Beauty is only one factor when it comes to designing “good” interfaces. More importantly, a good UI has to achieve the user’s goals and the goals of the business. These short lessons tell you how to help and persuade the user to do the most effective thing.
What you'll learn—and how you can apply it
Visual design principles help you direct the user’s attention to the right place by using color, alignment, contrast and patterns. When you combine those principles into full layouts, you must understand how a user’s eyes move around a page, and use that information to help them scan the page for important content.
This lesson is for you because…
- Users will think your layout is more beautiful and more enjoyable if you take the time to design it more effectively. And every good designer wants that.
- No experience necessary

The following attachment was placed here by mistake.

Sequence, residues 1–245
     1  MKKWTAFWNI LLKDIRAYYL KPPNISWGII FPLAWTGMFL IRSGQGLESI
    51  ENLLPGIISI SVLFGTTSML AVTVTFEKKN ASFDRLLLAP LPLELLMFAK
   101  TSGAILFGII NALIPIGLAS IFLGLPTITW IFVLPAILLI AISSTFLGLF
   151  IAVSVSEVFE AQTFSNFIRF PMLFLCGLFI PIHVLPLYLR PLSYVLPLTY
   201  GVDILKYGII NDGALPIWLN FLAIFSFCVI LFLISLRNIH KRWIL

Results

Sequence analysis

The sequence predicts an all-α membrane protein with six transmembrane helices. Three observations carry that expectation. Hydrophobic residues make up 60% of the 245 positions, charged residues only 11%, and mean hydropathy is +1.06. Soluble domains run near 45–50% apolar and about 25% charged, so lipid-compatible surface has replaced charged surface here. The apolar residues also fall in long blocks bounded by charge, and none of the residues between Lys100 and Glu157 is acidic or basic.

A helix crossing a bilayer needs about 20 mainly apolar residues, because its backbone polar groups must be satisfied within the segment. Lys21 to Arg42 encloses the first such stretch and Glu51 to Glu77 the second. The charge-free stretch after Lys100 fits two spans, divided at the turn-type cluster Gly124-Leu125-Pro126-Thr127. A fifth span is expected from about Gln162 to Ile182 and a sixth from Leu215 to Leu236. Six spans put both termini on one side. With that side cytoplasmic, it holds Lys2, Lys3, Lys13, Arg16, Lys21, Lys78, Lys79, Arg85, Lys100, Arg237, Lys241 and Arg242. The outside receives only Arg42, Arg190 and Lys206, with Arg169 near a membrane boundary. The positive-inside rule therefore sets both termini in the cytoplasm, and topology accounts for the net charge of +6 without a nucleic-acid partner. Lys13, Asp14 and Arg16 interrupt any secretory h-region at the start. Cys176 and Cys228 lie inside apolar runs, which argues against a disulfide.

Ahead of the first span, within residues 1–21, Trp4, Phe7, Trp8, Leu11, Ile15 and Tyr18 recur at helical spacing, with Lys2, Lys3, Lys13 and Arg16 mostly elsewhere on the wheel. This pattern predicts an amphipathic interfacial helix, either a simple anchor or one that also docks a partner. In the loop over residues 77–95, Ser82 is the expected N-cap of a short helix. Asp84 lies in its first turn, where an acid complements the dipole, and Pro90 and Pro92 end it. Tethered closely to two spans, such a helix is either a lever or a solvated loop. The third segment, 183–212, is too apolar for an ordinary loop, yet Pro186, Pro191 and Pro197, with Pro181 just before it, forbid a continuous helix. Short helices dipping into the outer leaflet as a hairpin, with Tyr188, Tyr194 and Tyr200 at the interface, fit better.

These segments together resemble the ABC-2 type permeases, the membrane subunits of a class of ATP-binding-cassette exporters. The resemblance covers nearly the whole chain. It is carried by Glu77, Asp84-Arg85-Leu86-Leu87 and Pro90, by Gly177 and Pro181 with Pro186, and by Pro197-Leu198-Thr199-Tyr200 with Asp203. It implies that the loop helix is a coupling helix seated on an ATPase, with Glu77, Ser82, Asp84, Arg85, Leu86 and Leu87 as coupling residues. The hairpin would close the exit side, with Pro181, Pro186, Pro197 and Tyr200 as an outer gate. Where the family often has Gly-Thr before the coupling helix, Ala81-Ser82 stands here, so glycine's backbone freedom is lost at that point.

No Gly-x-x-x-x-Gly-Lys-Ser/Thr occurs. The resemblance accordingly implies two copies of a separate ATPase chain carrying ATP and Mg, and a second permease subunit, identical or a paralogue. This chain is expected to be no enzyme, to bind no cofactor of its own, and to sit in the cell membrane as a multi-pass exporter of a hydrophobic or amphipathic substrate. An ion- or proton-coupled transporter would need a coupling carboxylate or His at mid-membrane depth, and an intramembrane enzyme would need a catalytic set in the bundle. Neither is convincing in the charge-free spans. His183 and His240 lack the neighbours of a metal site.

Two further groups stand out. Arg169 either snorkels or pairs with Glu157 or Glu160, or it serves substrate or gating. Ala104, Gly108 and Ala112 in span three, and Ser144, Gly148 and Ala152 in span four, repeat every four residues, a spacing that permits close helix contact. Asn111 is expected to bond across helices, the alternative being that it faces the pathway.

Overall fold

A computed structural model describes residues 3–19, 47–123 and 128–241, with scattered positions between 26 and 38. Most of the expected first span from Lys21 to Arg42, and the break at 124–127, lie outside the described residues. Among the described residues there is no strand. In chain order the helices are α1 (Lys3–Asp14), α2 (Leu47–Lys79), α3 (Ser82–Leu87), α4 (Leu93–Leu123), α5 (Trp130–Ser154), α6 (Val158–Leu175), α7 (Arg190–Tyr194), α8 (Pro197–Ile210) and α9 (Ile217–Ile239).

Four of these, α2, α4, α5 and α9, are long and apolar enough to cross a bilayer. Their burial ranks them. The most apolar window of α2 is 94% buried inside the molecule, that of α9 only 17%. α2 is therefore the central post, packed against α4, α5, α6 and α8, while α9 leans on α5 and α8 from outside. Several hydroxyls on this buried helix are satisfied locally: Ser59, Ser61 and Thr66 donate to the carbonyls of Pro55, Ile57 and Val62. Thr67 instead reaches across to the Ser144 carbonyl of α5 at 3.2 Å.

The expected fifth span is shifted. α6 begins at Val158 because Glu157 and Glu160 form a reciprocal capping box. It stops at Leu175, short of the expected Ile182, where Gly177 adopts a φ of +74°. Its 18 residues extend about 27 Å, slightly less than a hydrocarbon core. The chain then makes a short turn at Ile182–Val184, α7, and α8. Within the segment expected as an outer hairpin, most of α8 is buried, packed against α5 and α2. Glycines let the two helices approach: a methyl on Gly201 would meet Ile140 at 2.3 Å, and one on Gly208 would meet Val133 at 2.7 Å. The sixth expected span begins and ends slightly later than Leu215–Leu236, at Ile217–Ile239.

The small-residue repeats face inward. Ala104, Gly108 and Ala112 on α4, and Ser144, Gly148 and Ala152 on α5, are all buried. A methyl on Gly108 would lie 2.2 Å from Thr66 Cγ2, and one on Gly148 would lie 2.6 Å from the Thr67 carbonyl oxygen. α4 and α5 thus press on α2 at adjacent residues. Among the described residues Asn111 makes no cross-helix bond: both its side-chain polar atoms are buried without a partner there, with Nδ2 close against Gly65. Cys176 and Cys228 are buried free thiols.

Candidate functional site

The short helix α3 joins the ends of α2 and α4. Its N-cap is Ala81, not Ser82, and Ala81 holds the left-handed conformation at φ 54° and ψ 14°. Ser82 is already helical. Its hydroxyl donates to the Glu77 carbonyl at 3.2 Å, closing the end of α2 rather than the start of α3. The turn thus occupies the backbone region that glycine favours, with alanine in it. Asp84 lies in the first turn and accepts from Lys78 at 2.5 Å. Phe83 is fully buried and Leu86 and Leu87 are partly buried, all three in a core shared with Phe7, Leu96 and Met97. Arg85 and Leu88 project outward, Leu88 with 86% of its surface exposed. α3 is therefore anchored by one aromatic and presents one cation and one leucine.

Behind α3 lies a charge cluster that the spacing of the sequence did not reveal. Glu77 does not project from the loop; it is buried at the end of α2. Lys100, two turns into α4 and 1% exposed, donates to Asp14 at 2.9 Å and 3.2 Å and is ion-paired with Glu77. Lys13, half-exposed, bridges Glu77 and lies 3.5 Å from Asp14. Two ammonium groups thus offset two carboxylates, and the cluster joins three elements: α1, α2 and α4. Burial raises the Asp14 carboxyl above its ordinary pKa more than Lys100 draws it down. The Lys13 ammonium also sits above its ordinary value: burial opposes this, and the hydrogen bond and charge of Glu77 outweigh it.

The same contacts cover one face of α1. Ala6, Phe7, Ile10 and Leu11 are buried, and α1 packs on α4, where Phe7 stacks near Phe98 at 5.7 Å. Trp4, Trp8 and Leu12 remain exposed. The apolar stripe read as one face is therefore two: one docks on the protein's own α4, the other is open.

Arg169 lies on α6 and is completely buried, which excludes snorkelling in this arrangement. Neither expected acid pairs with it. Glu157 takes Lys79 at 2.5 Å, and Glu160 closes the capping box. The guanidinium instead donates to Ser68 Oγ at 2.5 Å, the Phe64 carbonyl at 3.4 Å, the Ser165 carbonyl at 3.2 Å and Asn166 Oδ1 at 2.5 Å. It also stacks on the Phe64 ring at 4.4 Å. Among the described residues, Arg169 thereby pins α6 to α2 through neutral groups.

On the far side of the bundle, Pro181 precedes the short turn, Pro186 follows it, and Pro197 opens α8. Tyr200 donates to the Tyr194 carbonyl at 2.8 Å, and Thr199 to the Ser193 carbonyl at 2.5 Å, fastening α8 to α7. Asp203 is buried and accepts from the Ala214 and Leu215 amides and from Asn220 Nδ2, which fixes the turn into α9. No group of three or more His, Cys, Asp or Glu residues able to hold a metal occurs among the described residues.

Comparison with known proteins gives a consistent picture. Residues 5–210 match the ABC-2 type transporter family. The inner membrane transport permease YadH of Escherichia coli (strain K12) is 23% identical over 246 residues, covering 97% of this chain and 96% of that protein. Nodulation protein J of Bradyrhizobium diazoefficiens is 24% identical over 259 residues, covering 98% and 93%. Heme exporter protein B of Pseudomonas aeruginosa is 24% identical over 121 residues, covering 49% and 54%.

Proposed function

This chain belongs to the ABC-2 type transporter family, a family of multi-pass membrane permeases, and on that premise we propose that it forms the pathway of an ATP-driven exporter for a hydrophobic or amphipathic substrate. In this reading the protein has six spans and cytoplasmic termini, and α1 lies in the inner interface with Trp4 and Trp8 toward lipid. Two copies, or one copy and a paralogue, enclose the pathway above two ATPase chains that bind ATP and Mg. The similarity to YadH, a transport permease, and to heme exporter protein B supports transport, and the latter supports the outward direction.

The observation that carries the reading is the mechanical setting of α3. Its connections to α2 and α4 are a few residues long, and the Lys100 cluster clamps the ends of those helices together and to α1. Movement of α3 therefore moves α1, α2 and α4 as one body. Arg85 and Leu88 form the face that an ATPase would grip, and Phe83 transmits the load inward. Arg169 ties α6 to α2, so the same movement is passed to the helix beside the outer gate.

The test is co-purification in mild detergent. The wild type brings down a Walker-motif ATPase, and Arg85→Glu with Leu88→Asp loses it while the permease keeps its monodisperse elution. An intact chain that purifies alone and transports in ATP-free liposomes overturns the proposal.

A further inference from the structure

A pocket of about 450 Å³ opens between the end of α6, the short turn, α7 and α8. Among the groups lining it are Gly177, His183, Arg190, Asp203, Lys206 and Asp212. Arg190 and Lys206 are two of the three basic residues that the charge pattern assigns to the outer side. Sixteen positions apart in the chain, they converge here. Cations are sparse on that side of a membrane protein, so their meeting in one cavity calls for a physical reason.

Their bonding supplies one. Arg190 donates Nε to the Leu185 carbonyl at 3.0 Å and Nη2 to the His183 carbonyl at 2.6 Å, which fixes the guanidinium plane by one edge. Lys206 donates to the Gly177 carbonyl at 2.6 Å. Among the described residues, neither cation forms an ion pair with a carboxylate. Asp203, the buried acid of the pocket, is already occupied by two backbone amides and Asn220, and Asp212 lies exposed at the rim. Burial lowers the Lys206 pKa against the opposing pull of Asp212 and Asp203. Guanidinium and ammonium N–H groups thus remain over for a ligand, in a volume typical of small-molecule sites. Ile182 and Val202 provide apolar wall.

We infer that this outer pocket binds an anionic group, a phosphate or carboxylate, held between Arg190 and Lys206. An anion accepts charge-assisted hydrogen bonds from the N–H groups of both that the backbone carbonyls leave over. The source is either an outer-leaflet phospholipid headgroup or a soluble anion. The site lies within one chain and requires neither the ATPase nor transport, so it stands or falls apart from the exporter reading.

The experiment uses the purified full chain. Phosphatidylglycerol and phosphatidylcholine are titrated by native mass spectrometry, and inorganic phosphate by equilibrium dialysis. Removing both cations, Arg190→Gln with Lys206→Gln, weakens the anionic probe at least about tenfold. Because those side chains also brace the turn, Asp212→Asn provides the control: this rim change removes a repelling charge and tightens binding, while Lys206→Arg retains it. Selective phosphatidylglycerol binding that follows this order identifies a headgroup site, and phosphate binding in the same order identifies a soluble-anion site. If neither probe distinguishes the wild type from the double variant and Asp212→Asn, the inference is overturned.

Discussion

- Interest in designing products
Materials or downloads needed
This Lesson is taken from UX for Beginners by Joel Marsh.
Table of contents
- I. Visual Design Principles
- 1. Visual Weight (Contrast and Size)
- 2. Color
- 3. Repetition and Pattern-Breaking
- 4. Line Tension and Edge Tension
- 5. Alignment and Proximity
- 6. Using Motion for UX
- II. Wireframes and Prototypes
- 7. Z-Pattern, F-Pattern, Visual Hierarchy
- 8. Layout: Page Framework
- 9. Layout: The Fold, Images, and Headlines
- 10. Layout: The Axis of Interaction
- 11. Forms
- 12. Primary and Secondary Buttons
- Title: Designing effective interfaces
- Release date: October 2016
- Publisher(s): O'Reilly Media, Inc.
- ISBN: 9781491975442
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